Nitric Oxide May Slow Progression of COVID-19
WASHINGTON (July 21, 2020) – Nitric oxide treatment can be pivotal in the world’s fight against SARS-CoV-2, the coronavirus that causes COVID-19, according to a review from the George Washington University (GW). The article is published in the journal Nitric Oxide.
Nitric oxide is an antimicrobial and anti-inflammatory molecule with key roles in pulmonary vascular function in the context of viral infections and other pulmonary diseases. In SARS-CoV-1 infection, which led to the outbreak of SARS (severe acute respiratory syndrome) in 2003, nitric oxide inhibited viral replication by cytotoxic reactions through intermediates such as peroxynitrite. It is one of several potential COVID-19 treatments included in the U.S. Food and Drug Administration’s emergency expanded access program.
“Nitric oxide plays key roles in maintaining normal vascular function and regulating inflammatory cascades that contribute to acute lung injury (ALI) and acute respiratory distress syndrome (ARDS),” said Adam Friedman, MD, interim chair and professor in the Department of Dermatology at the GW School of Medicine and Health Sciences and co-senior author of the review. “Interventions that are protective against ALI and ARDS can play a critical role for patients and health systems during the pandemic.”
Coronaviruses are RNA viruses that primarily infect birds or livestock, but can mutate to be highly infectious and lethal in humans. There is currently no registered treatment or vaccine for COVID-19. The absence of a specific treatment and the high mortality rate of the virus dictate an urgent need for therapeutics that may control the replication and rapid spread of the virus.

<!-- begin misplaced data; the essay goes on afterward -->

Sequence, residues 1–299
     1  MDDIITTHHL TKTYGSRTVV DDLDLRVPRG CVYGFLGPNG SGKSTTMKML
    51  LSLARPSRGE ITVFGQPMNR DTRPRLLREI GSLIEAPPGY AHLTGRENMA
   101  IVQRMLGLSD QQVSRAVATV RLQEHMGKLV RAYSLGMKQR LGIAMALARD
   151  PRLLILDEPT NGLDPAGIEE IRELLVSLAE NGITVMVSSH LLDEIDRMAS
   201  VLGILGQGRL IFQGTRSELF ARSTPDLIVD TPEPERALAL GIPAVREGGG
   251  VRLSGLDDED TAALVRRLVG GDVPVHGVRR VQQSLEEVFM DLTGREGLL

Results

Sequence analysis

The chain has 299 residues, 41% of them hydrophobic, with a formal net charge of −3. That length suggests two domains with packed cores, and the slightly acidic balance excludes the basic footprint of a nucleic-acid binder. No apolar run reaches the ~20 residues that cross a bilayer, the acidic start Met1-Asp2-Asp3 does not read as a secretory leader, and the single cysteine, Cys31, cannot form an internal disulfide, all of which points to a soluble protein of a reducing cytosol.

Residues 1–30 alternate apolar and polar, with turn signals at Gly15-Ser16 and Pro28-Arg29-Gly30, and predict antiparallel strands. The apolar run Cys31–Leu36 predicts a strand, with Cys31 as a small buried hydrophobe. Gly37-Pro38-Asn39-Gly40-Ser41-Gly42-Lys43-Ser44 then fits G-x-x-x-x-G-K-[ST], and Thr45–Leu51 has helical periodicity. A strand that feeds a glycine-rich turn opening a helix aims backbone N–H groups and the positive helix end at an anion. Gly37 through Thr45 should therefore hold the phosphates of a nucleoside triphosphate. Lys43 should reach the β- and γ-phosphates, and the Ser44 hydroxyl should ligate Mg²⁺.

The team, led by first author Nagasai Adusumilli, MBA, a fourth-year medical student at the GW School of Medicine and Health Sciences, reviewed data from between 1993 and 2020 on the pathogenesis of coronaviruses and the use of nitric oxide as a treatment for respiratory illness. The authors highlight the potential for inhaled nitric oxide contributing to better clinical outcomes and alleviating the rapidly rising strain on health care capacity due to COVID-19.
As groups continue to publish more results with their respective nitric oxide platforms, the team recommends that dosing and protocol variations should be examined in evaluating the studies.
“With the emergence of COVID-19 as a pandemic with the ability to overwhelm the body and our health care infrastructure, patients have a pressing need for effective agents that can slow the disease in their bodies and in their communities,” Friedman said.
The authors suggest that if nitric oxide’s efficacy is illustrated for COVID-19, its use as a treatment can be pivotal in the fight against the pandemic.
Friedman has been collaborating with co-senior author Joel Friedman, MD, PhD, professor of physiology and biophysics and of medicine at Albert Einstein College of Medicine, on research related to the use of nitric oxide in a broad range of medical indications for close to two decades, and together are developing nitric oxide-based therapeutics for COVID-19.
“Harnessing nitric oxide for preventing, limiting, and treating the severe pulmonary consequences of COVID-19” can be found at www.sciencedirect.com/science/article/pii/S1089860320301701.
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